Amazon has stripped a few features out of the Kindle Fire HD in order to get the price at the right level, but it hasn’t scrimped too much on the screen. The Kindle Fire HD has a 7-inch 1,280 x 800 IPS display, matching the Google Nexus 7 exactly and giving the tablet higher pixel density than an iPad mini.
This is a mid-grade screen, with whites looking a little off – a little yellowish – but performance for the price is excellent. Colour reproduction is decent, contrast is good and while black levels aren’t perfect they’re on-par with most of the sub-£400 competition.
This is an excellent screen for such a low-cost device, and is a significant improvement upon the lower-resolution screen of the non-HD Kindle Fire. Most importantly, it is high-res enough to make text look sharp and videos appear detailed.
It can do justice to 720p streamed movies, and thanks to the excellent viewing angle capabilities of the IPS panel, a few people can crowd around the screen to watch a movie. It’s not how we’d choose to watch Das Boot, but in desperate times, desperate measures apply.
Amazon Kindle Fire HD Interface
The Kindle Fire HD runs Android but Amazon has completely changed the look and feel of the operating system with one of the most dramatic Android re-skins ever attempted. It’s largely the same as the interface seen in the original Kindle Fire.
There are no customisable homescreens and no widgets here. The Kindle Fire HD interface is based around a carousel of content, with a heavy focus on the various Amazon-owned portals – the Kindle book store, LoveFilm movie streaming and the Amazon MP3 store and cloud music service.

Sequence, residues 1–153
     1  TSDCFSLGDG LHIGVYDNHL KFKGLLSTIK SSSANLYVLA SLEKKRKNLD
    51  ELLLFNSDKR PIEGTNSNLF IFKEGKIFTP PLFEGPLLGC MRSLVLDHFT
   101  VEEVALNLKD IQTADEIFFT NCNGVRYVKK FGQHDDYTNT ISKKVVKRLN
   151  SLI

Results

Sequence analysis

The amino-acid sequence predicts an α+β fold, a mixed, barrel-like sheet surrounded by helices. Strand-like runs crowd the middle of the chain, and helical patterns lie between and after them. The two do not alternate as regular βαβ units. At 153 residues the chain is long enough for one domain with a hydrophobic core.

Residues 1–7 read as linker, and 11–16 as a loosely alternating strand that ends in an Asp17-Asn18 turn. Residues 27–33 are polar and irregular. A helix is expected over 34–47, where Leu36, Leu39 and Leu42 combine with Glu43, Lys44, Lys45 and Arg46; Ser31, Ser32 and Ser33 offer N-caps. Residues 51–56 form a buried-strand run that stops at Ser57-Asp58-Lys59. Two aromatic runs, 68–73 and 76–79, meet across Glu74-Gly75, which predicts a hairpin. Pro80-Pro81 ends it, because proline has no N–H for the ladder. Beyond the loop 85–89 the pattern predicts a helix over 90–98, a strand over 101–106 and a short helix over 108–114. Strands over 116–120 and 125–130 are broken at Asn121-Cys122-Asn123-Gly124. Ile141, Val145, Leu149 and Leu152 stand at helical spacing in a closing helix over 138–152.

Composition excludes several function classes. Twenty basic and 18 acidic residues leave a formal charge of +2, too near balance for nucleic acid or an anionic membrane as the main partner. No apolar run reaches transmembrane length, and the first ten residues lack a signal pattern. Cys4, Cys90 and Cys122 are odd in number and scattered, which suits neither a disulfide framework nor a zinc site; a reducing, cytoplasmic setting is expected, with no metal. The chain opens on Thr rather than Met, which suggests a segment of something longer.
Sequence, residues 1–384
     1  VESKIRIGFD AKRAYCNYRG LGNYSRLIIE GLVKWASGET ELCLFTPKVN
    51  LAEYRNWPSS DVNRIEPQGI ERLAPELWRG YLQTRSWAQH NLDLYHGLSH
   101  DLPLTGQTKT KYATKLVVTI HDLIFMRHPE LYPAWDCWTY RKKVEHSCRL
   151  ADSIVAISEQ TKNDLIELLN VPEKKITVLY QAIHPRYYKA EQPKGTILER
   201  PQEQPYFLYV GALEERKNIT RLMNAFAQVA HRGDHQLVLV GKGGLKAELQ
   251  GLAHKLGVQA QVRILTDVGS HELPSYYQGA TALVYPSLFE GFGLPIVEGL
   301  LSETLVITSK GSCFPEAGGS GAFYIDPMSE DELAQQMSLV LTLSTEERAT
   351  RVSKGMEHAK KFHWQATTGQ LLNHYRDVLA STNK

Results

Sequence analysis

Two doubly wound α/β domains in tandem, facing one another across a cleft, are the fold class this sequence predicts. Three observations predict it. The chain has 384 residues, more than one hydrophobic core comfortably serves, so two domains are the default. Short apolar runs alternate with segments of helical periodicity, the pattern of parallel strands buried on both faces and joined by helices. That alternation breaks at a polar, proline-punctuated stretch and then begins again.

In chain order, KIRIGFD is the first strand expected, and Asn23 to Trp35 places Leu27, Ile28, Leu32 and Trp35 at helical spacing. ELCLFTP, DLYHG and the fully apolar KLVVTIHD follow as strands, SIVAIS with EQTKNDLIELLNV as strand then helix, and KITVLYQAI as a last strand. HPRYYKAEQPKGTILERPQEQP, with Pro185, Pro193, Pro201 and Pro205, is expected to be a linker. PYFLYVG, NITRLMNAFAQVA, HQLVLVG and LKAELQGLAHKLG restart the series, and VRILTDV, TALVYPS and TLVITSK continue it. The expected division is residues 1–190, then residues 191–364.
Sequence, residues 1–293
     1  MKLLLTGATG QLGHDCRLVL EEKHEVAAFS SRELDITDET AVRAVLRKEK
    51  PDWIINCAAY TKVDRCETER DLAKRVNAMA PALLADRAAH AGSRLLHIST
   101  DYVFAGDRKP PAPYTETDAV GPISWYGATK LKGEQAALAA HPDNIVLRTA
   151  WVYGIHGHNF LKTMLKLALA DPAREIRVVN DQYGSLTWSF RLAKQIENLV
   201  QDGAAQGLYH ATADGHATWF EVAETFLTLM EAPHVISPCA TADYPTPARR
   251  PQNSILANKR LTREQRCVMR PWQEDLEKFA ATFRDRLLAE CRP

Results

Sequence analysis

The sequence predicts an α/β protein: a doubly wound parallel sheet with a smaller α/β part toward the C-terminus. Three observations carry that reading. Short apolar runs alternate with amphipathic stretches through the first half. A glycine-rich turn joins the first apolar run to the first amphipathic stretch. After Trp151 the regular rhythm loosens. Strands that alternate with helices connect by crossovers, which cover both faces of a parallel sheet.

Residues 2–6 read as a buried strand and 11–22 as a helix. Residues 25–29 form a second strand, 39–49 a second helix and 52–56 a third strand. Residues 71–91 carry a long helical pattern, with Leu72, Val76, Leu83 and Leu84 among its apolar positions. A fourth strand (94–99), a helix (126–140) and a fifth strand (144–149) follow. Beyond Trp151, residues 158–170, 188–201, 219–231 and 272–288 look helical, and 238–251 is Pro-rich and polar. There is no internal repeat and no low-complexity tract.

The Kindle Fire interface goes against the core thinking that has come to define what a mobile OS “should” be about. Both iOS and Android give you a virtual canvas that’s designed to get you to the app you need with as few taps as possible.
The Kindle Fire style is far more prescriptive, in a way that’s clearly intended to direct you towards the services Amazon wants you to use. It makes for an uncomfortable learning curve.
It also sidelines things that are core to any tablet experience. Email doesn’t get a prized place in the main menu, making you head into the apps menu to get your email fix. Also, when held in portrait, the link to the web browser isn’t even on the screen, requiring you to flick past the Music, Video and Newstand options.
The Kindle Fire interface is fairly intuitive, but it pays too much attention to how Amazon wants people to use the tablet, and not quite enough to how they actually will use it.
There are ways around the software’s pushiness, though. The default screen shows a carousel of your most recently-used apps and features, and you can setup a stash of Favourite apps that pop-up as a little drawer from the bottom of the screen when you tap a star icon in the persistent nav menu. This nav menu is designed to be used with your right thumb, pulled out with a swipe at the edge of the screen.
There’s also an Android-style pull-down menu for quick access to notifications and settings. All the basic bits are there, but the Kindle Fire UI lacks the cohesion of its more established rivals.
It looks the part, though. Menus have the slippy-slidey smoothness we expect in this appy age, and the basic visual coherence helps to mitigate the convoluted-ness of some of the menu layouts.
It needs a bit more time in the oven before it becomes the system it should be, though. We encountered a few bugs, including one that kept on making the Kindle Fire HD auto-rotate so it was constantly upside-down, like the trick of some pre-pubescent prankster. It’s also not as smooth or lag-free as Android Jelly Bean or iOS.
It lacks those systems’ speed and immediacy, possibly in part because it’s based on Android Ice Cream Sandwich, which isn’t as snappy as the later Jelly Bean edition.
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